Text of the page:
An Italian Modern Fairytale


At the 2016 World Economic Forum edition, in Davos (Switzerland), the Italian Prime Minister Mr Matteo Renzi announced that Italy “should not be a European museum, but its future”. This meant that Italy was ready to further open its stock exchange markets to the world’s financial centres. He argued that Italian economy “deserves to become the leading European one”. Besides the fact that Mr. Renzi had many political reasons to defend the constitutional reforms (connected to his political survival on the Italian Government throne), this new opening and set of proposed reforms has split the wider domestic public. Many of the political analysts were claiming that this referendum was the vote over the Renzi`s stake within the Italian Council of Minister.

Wells Fargo Advisory group’s strategic analyst Peter Donisanu, in his brief published several days before the Referendum, claimed that a “no” outcome in Sunday’s vote would have had immediate implications for the Italian banks, and near- to intermediate-term implications for the European Central Bank (ECB) and Italian and Euro area politics.

Some of Italy’s largest banks were facing financial difficulty and have looked to the capital markets in an effort to shore up their balance sheets. One such troubled bank, Banca Monte dei Paschi di Siena, is hoping to raise capital by issuing approximately €4 billion (or $4.27 billion) in stock by the end of the year. Such an uncertain outcome could force the bank into a government bailout, “which would require politically unpalatable losses to bond holders”, claims Peter Donisanu.

When it comes to the economic and financial affairs, almost the best known event in the last decade surely was the world economic crisis. Its culmination (2008/2009) was the most shocking economic depression which the world has ever seen ever since the great depression occurred by the end of the years 20s of the 20th century.

The Euro area has also been hit by the crisis in 2009. All Italian macroeconomic indicators then measured significant downs. The country`s per capita GDP dramatically lowered for more than 5% in 2009, while it recovered in 2010 when the growth of 1.37% was registered. Last year, Italian GDP per capita was in a slightly positive range (+0.73%), while its total GDP expressed in USD was on the same level as of the 2004 ($1.8 trillion). Inflation in 2015 was 0.8%, which remains at the same multiyear level for the previous period.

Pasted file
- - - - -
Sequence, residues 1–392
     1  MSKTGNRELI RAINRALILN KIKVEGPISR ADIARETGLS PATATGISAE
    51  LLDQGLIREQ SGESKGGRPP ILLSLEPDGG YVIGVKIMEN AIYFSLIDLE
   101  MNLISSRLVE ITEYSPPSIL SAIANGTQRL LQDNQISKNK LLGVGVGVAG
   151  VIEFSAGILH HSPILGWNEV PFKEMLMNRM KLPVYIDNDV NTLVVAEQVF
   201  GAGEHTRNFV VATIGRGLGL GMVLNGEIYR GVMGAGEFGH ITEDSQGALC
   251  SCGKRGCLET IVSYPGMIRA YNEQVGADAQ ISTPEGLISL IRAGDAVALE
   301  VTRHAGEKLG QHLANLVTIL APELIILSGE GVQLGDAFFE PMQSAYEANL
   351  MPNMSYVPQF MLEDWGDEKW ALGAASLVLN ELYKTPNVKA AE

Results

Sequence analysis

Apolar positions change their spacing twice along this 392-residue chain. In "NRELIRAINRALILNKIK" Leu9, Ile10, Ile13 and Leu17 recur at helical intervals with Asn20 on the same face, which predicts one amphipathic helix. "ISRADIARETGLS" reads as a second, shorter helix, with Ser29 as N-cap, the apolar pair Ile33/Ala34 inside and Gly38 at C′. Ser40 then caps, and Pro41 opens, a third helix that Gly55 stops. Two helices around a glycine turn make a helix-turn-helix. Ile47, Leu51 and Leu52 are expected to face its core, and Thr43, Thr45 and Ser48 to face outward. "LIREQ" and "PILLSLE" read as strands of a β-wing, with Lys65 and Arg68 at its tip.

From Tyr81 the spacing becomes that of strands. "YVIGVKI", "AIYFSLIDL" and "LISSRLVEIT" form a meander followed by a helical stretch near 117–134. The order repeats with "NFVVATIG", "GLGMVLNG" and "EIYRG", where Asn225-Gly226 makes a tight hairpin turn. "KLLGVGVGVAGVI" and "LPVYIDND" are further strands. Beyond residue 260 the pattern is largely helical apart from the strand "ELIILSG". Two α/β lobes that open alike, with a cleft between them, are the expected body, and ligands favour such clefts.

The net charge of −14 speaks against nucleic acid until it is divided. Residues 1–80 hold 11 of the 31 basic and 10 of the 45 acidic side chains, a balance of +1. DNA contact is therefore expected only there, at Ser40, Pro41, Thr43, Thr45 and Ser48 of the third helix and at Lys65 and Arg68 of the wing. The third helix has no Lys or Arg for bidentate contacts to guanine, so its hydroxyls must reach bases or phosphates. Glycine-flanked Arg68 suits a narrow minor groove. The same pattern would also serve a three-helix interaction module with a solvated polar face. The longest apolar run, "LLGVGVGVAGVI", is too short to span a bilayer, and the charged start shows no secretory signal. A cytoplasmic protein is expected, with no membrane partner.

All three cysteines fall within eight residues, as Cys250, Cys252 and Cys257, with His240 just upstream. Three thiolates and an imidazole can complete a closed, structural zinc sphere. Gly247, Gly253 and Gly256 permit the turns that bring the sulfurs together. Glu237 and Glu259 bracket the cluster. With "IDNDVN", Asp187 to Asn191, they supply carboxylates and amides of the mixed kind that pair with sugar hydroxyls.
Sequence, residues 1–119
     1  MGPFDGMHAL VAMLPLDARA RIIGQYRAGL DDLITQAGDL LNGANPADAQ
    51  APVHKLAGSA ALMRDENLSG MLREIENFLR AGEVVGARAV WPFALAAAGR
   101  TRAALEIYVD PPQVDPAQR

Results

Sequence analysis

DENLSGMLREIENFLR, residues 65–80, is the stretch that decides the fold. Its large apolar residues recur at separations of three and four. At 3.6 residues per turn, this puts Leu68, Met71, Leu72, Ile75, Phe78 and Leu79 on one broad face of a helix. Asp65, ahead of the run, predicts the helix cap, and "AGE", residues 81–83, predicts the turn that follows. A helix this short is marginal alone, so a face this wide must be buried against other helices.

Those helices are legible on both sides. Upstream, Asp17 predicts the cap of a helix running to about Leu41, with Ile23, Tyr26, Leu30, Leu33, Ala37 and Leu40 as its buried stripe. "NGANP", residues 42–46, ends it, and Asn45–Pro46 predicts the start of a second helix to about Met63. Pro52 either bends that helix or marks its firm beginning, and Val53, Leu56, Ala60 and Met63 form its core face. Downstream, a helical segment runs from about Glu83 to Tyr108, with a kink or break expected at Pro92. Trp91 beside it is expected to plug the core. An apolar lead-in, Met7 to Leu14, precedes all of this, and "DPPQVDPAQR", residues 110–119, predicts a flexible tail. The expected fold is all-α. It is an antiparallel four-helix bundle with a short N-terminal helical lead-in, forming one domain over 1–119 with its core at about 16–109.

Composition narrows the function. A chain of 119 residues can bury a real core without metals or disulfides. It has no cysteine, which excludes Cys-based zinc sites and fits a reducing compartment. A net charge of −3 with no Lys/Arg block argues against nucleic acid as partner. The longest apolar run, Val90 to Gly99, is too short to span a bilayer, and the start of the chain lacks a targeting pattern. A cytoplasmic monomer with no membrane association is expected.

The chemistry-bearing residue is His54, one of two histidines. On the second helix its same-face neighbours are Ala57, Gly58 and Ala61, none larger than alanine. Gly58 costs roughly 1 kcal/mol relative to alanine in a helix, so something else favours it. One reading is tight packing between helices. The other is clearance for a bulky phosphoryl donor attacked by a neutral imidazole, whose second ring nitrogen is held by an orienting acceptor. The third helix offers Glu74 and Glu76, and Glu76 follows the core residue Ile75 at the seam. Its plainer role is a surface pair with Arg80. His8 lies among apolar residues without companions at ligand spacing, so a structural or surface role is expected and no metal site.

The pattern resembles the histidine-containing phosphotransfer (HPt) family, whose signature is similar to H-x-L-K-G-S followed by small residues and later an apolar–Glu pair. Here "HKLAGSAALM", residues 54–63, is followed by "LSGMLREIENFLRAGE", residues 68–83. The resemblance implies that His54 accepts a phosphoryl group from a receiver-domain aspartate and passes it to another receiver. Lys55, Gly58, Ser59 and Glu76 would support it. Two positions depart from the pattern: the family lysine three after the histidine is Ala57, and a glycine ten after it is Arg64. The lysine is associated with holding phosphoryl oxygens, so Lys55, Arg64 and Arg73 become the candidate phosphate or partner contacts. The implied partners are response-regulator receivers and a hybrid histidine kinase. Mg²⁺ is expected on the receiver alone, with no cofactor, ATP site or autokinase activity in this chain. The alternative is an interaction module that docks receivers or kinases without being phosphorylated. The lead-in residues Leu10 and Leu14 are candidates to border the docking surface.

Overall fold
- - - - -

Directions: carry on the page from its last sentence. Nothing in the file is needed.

Italy’s new government proposed a 2019 budget with a deficit three times larger than the previous administration’s target, setting up a clash with the European Commission and sparking a sell-off of state bonds. The government offered a budget with a deficit of 2.4 percent of GDP for the next three years. The economy Minister Giovanni Tria’s department forecasts that a 2019 deficit above 1.9 percent would put at risk the containment of Italy’s debt, the highest in Europe after Greece. The European Union demands that Italy progressively cut the fiscal gap to rein in its debt. The EU Economic Commissioner Pierre Moscovici says “We have no interest in a crisis between the Commission and Italy, it is in nobody’s interest because Italy is an important euro zone country. But we don’t have any interest in Italy not respecting the rules and not reducing its debt, which remains explosive.” The 2019 budget will move more than 30 billion euros. It will set aside 10 billion euros for 5-Star’s flagship policy of a “citizens’ income” of up to 780 euros per month for 6.5 million poor Italians.

The coalition is due to deliver Italy’s latest economic growth and public finance targets at the end of the month, before the full budget. Under EU rules, no country should have a budget deficit greater than 3 percent of GDP product or debt above 60 percent of GDP. Italy’s debt amounts to more than 130 percent, the second highest in Europe after Greece, making it vulnerable to market pressure. Economy Minister Giovanni Tria, an academic who is not a member of either of the governing parties, is pushing to keep next year’s deficit below 2 percent of GDP, sources said on Monday. A League source said on Tuesday that Salvini wanted the government to accept a deficit “a bit above” 2 percent. Di Maio said the issue was not broached on Wednesday October 3.

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